Because I’d stayed up trying to organize photos from my recent trip across Canada with my daughter, I got up a little later than has been my habit lately. As usual I hung a cut out milk jug berry bucket around my neck, went to the garden and picked my granola toppings, allowing my mind time to awaken, or maybe to linger between sleeping and awake, as I let my feet feel the hard, dry lumpy ground of the dormant lawn, stepped around recent dog droppings, felt a rising wind lift the bean leaves, saw and heard a hawk hunting for birds among the neighborhood evergreens. After enjoying my bowl of granola, yogurt and berries, I pruned some branches overhanging my compost pile and shed, pulled a few weeds from the soft soil of a raised bed. Beets swelling, beans appearing, tomatoes and late raspberries ripening, apple trees sending out new shoots. Always things are growing. I laid the pruned branches in an out of the way corner, weeds on the compost pile with lawn clippings and kitchen scraps. Always things are breaking down, cycling back. Some fast, some slowly.

When I came back to the compost pile a few minutes later, a sleek brown rat scurried away under the shed. Must do something about the rats, even though I think they are handsome and admire their intelligence and personality. But for the soft brown coat, they look and act the same as the pets rats we loved years ago. But the neighbors would not agree. The rats do not compete with us for resources, as long as I keep the bone meal and seeds secured, but I suppose I should at least keep the family from growing. I made a half hearted mental note to find the snap trap and plan a humane execution. But if I find a nest of young’uns under the shed when we move it, well, we haven’t had a pet rat in a while, and the girls were crooning over the cute ones they saw in the pet store while we were waiting for a triple-A tow yesterday…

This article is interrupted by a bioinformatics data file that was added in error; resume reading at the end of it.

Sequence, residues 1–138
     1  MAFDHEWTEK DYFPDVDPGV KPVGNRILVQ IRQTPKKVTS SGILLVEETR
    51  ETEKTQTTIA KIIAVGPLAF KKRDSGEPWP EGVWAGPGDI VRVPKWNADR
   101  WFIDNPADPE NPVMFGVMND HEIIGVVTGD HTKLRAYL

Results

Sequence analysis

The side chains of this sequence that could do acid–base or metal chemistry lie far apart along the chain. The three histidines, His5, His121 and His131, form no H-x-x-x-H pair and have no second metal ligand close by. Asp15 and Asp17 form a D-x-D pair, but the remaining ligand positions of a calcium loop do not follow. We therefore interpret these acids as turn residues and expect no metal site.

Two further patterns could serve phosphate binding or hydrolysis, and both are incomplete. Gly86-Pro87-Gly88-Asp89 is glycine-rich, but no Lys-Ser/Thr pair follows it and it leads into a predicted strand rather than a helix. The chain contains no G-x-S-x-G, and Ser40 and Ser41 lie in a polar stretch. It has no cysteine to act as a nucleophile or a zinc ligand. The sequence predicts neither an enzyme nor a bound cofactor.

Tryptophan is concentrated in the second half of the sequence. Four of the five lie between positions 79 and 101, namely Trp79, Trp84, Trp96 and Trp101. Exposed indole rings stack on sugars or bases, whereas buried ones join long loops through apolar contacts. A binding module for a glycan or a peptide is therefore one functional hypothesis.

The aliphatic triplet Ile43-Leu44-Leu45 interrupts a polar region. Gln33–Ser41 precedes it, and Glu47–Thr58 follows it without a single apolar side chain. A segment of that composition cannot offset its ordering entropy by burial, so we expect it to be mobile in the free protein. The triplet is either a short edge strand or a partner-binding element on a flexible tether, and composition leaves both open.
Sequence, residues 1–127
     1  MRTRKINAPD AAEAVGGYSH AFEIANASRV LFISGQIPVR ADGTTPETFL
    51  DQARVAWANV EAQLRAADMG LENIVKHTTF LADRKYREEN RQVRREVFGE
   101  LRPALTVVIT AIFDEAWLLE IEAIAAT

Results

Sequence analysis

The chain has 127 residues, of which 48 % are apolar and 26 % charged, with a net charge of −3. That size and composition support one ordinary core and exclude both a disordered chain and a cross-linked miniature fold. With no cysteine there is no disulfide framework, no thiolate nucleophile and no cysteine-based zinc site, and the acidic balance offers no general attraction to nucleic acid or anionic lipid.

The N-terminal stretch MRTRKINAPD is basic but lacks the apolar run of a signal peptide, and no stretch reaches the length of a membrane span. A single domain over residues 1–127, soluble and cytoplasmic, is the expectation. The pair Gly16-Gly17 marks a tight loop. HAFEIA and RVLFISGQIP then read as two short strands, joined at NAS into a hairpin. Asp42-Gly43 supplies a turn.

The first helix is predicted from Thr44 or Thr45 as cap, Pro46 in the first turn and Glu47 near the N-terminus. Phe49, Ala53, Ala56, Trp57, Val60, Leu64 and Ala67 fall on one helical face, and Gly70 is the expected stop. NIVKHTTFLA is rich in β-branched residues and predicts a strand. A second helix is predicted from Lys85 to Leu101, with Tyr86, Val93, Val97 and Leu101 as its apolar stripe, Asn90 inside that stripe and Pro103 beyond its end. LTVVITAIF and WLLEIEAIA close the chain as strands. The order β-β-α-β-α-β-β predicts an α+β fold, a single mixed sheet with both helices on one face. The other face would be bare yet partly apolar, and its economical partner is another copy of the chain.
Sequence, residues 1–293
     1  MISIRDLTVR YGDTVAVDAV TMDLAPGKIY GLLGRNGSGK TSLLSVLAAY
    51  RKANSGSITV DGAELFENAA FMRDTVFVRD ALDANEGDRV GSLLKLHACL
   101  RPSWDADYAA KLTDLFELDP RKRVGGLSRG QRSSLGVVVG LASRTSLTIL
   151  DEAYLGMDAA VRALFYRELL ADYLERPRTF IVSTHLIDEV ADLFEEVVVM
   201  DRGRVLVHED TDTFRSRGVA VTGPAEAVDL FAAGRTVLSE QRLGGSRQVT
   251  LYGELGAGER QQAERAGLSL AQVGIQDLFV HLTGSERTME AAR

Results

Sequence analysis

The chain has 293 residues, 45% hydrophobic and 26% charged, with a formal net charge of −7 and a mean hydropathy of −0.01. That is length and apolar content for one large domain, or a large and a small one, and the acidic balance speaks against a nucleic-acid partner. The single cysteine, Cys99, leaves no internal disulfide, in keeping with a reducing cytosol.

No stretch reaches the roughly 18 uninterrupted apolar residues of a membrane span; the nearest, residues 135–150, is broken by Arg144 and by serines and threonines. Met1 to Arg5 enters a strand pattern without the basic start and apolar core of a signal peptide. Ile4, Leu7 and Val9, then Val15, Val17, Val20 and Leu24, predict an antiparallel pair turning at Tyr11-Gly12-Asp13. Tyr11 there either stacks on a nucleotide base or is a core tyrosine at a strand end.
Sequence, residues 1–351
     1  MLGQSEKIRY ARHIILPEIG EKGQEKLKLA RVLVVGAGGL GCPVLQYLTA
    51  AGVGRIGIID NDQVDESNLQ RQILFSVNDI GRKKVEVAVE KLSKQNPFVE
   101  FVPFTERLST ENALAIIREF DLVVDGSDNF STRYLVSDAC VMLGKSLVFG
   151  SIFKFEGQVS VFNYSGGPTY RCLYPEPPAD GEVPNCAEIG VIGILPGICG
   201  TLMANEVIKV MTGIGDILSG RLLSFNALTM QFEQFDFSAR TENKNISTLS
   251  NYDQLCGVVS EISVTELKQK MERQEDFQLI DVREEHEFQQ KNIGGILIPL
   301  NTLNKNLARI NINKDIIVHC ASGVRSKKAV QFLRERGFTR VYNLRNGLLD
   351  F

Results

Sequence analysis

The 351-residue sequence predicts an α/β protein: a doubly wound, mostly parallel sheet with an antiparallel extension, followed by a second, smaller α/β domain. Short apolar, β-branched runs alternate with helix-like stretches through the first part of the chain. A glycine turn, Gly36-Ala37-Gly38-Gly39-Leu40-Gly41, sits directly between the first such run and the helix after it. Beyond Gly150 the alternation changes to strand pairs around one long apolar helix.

This time I had only a half hour to myself. My husband tends to launch onto the scene without warning, and I have found that an hour or two of quiet is good preparation. He lies in bed after waking up, gathers the threads of thoughts freed by sleep and coalescing at the surface, get a good mental steam up, and then out he comes. with his project plan or solution to a problem, or viewpoint on a current controversy. Like father, like son. Lately there are the projects we’re working on–leveling ground for a fence replacement, deciding how to rearrange the shrubs come rainy season, carting the wood chips from the two fir trees we had cut down, talking out plans for our careers. Will I take the job offered to me lFriday, or should I wait and for something more mainstream in my own district? When will we be ready for him to transition away from working for T-Mobile, coding for a throw-away culture, solving problems in cash flow for a large corporation, and grow our own software consulting business?